I got the undesireable answer to this question the day my friend left. The topic we had been discussing has to do with my husband's undocumented immigrant status in the U.S. It's a subject that brings me great distress, since it's affected our lives so harshly and in every aspect. For that reason, I don't talk about it regularly, and pretend to have mostly resolved in my mind. When in fact much pain still lingers below the surface. I happened to mention something about how I felt it was unfair that most of our ancestors in the U.S. had such an unfettered access to immigrating to the States, before harsh law controlling immigration were passed, and how now it's so much harder for people to move back and forth. I said how I didn't feel as bad for myself in having to live in Mexico as a result of my husband being unable to get papers as I feel sorrow for him not being able to realize his own dreams. Tears sprang to my eyes, but I pushed them away as quickly as they came. The discussion ended, and I forgot I was feeling so bad.
The next morning, the feelings resurfaced but I tucked them away again so as to not appear overemotional. Even my husband feels bad when he sees I am so bummed about certain things. But my attempt to hide my true feelings had its consequences. My back began to throb in pain and by the time I tried to walk down the stairs, my posture was contorted to the side with spasming muscles. Unfortunately, this is a condition I know all too well, since 2001 when I first moved in with my husband. After visiting many modalities of physical therapists I finally read a book lent to me by a friend called Healing Back Pain, and realized my pain was due to repressed anger. The author describes the causes much differently than I do here, but a way to see it is almost as if swallowing my distress causes an allergic reaction in my body.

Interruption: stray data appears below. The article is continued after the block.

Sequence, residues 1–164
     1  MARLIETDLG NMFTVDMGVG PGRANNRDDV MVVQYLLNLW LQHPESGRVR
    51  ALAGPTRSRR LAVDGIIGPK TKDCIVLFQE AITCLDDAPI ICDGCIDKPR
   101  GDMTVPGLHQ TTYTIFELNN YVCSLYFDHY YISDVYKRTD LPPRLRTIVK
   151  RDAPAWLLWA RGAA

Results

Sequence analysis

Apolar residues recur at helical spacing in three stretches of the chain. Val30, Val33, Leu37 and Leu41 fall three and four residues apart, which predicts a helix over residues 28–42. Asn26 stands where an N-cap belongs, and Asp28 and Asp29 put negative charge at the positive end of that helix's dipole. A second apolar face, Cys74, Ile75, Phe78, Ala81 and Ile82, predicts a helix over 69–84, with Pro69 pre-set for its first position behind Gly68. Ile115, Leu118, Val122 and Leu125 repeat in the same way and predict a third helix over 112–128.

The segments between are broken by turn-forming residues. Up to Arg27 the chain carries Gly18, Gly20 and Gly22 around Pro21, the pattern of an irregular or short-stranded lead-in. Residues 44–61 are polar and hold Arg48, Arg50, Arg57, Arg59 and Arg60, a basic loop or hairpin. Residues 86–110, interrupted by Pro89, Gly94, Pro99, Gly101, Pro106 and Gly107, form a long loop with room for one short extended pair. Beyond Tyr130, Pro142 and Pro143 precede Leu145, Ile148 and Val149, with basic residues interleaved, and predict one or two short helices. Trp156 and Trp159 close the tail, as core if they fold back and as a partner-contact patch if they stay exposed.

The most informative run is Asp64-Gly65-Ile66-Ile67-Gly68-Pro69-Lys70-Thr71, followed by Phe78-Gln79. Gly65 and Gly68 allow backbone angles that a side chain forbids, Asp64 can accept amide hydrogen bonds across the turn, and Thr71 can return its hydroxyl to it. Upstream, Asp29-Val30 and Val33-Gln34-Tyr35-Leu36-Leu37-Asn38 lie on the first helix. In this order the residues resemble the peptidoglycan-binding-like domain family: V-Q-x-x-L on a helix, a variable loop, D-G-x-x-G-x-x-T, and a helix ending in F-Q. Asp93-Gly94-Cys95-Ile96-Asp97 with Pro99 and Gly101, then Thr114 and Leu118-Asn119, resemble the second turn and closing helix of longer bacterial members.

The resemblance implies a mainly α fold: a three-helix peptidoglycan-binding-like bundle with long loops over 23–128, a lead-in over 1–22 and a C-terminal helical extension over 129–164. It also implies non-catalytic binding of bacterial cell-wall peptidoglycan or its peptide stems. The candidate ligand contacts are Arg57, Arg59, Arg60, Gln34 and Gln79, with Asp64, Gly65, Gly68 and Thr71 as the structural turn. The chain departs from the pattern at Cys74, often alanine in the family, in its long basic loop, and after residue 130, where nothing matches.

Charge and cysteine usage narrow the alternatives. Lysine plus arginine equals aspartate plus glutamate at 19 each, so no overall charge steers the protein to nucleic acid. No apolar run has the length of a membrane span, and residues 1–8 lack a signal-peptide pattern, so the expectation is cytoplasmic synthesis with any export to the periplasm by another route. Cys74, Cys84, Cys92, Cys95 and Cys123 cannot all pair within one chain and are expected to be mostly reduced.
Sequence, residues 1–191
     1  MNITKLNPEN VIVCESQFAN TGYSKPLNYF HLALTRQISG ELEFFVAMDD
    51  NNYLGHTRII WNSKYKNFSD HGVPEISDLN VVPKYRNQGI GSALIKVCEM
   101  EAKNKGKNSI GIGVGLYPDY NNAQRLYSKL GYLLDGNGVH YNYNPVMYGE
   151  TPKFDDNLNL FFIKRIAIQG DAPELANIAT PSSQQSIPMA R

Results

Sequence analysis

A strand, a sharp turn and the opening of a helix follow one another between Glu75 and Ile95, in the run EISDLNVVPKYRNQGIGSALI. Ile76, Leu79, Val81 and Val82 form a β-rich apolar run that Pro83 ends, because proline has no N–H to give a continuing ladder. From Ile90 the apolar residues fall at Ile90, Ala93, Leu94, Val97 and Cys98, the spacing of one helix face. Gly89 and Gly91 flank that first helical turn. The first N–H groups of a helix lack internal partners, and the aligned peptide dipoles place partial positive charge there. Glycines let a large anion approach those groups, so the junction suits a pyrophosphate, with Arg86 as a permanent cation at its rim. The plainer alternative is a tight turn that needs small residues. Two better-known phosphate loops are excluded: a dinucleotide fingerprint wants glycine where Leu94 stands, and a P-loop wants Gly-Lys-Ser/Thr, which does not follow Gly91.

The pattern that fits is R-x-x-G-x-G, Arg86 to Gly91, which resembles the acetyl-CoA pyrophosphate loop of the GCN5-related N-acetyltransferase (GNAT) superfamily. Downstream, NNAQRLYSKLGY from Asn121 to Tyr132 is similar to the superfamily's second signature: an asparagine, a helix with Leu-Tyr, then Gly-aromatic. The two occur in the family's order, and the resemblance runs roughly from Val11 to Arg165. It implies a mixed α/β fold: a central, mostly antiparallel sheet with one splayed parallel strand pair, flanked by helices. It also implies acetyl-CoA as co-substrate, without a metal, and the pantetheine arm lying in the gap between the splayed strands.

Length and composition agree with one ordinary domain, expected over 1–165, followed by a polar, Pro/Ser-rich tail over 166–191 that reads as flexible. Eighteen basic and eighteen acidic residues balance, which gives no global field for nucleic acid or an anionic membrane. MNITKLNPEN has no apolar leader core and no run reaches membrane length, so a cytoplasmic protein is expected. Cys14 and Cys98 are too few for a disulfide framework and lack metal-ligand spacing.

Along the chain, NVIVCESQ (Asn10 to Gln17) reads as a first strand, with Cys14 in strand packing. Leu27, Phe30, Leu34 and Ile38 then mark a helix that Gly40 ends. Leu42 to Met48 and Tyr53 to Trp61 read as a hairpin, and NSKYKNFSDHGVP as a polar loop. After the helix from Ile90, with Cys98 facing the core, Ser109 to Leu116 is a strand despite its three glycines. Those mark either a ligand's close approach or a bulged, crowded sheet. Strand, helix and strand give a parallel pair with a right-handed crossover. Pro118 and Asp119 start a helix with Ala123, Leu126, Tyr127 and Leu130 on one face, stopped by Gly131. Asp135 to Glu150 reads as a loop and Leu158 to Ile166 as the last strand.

The thing I'm reacting to is a perceived injustice, something that upsets me, but that I feel I have no control over. At first it's a conscious effort to not think or talk about it, but over time it becomes second nature. A buildup of suppressed feelings for me can lead to disabling back pain. Luckily I knew this is how my mind and body interact, and I reminded myself it was important to not fear the pain, and focus on clearing my mind. At first, I was lying on the living room floor. But later, after a good cry, I was back on my feet. In the past, I'd had bouts of pain that lasted for 2 weeks. I missed work because of it. One time it got so bad that my husband had to carry me. But today, after making the connection, I was almost back to normal by the evening.
It's a little scary to think that our minds have so much power over our bodies, to the extent that we feel we may lose control. It's instructive that we need to be sensitive to the influences we subject ourselves to, or at least be open-minded about what can affect us, and not lose sight of the connections between things. I do not just get sad about my own personal problems, but feel a real indignation when rights are infringed worldwide. They can plague me just the same. My allergy to injustice is real and not just perceived. But rather than stick my head in the sand and ignore issues, or take some pill to help relieve my "symptoms," I must address the root causes and work toward healing ourselves of these ills.